GEYSERVILLE -- Winegrape growers that depend on water in the Russian River Basin to protect their vines from frost assert they have a better idea of how much water they're using and how to limit such use, while wildlife regulators say they're getting more precise information of water overuse and tools to curtail it.
That's what a capacity gathering of 168 vineyard and winery professionals braved an Alexander Valley downpour to hear at a Feb. 26 workshop on the nascent Russian River Frost Program. That program was presented to the State Water Resources Control Board in November as way to cooperatively manage water use similar to Napa Valley's three-decade-old regime.
Key to that management program are accurate information on the amount of water in the creeks and river at any given time before, during and after frost protection and irrigation as well as a good projection of water demand based on the number of acres using water against frost and the water actually used, according to farm bureau representatives from Mendocino and Sonoma counties. That means knowing how many acres of vines are frost-protected with water and having water and stream gauges to monitor use.
"We can show to the water board we are saving water from the maximum amount of water we could use," Laurel Marcus, executive director of the California Land Stewardship Institute, said at the workshop, which was hosted by the Sonoma County Winegrape Commission.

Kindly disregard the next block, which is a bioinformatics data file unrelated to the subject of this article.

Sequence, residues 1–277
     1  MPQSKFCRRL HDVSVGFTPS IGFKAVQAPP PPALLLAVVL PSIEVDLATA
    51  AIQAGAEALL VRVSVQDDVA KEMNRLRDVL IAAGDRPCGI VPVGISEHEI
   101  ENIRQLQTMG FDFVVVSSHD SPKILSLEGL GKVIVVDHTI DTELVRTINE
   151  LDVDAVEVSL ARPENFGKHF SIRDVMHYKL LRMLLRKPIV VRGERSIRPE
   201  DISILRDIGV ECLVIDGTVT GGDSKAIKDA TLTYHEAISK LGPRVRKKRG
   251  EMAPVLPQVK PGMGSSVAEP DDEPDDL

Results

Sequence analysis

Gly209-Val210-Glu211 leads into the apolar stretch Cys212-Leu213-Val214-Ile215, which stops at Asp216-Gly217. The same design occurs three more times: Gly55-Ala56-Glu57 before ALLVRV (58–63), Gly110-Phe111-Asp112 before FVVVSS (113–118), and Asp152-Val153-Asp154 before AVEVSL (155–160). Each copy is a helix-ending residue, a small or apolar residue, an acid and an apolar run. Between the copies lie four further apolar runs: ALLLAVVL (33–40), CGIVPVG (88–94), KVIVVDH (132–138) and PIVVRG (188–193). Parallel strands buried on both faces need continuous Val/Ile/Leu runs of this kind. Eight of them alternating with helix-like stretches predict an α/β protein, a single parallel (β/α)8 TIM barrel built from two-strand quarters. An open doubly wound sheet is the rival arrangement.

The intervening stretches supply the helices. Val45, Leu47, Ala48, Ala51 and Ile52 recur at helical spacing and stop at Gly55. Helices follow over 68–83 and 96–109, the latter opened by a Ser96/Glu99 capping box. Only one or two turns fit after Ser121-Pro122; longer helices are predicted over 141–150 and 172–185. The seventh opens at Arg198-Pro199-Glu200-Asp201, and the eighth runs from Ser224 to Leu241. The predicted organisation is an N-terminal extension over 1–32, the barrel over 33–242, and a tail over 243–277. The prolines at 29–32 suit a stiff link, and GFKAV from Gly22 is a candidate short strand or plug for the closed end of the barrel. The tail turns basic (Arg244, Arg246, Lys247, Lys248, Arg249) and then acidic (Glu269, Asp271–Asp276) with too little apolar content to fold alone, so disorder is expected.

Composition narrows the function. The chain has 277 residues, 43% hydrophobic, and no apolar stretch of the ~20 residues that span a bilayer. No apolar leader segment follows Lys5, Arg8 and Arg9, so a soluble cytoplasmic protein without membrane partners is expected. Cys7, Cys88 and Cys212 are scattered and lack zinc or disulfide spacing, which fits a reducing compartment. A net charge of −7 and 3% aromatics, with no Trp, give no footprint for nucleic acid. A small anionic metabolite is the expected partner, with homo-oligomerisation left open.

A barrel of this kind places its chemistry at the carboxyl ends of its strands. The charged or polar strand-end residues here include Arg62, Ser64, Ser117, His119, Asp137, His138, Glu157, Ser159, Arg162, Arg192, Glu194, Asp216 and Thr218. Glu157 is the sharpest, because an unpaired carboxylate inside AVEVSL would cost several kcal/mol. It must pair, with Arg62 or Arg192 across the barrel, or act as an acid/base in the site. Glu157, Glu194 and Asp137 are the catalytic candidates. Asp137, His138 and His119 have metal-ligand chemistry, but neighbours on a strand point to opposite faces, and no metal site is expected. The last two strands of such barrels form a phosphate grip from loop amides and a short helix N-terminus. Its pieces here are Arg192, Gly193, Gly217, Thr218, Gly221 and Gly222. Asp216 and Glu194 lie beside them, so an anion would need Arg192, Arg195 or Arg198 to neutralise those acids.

The group administers the Fish-Friendly Farming program, which develops fish habitat conservation projects. The institute is close to finalizing computer spreadsheets growers can use for figuring out how much water they are saving by following best-management practices for frost protection over conventional methods, according to Ms. Marcus.
The wine industry must show evidence of water conservation as the State Water Resources Control Board considers frost-water regulations as part of implementing the North Coast Instream Flow Policy called for under Assembly Bill 2121, she said. Federal fish regulators and conservation groups have called on the board to restrict the use of water for frost.
After presenting the program to the state water board, program advocates had their first discussions with the board on Feb. 16 in Sacramento.
Doug McIllroy, director of grower and vineyard operations for Rodney Strong Wine Estates, was one of the grower representatives at the meeting. "We're trying to define what it means to be in the program," he said at the Geyserville workshop. "It just got off the ground. It seems to be a collaborative discussion."
One of the points to be staked down is what is considered to be "significant" diversion of water from surface and underground channels for agricultural use, Mr. McIllroy noted.
At the workshop, the farm bureaus presented the latest tally of their survey of grapegrowing properties in the two counties based on information submitted by the growers and details from county assessor's offices.
In Sonoma County, 28,370 vineyard acres surveyed included 99 percent of 18,973 acres the assessor's office had noted for using frost protection, according to Lex McCorvey, executive director of the local farm bureau. Areas of focus were the Mayacama, Mark West and Green Valley watersheds.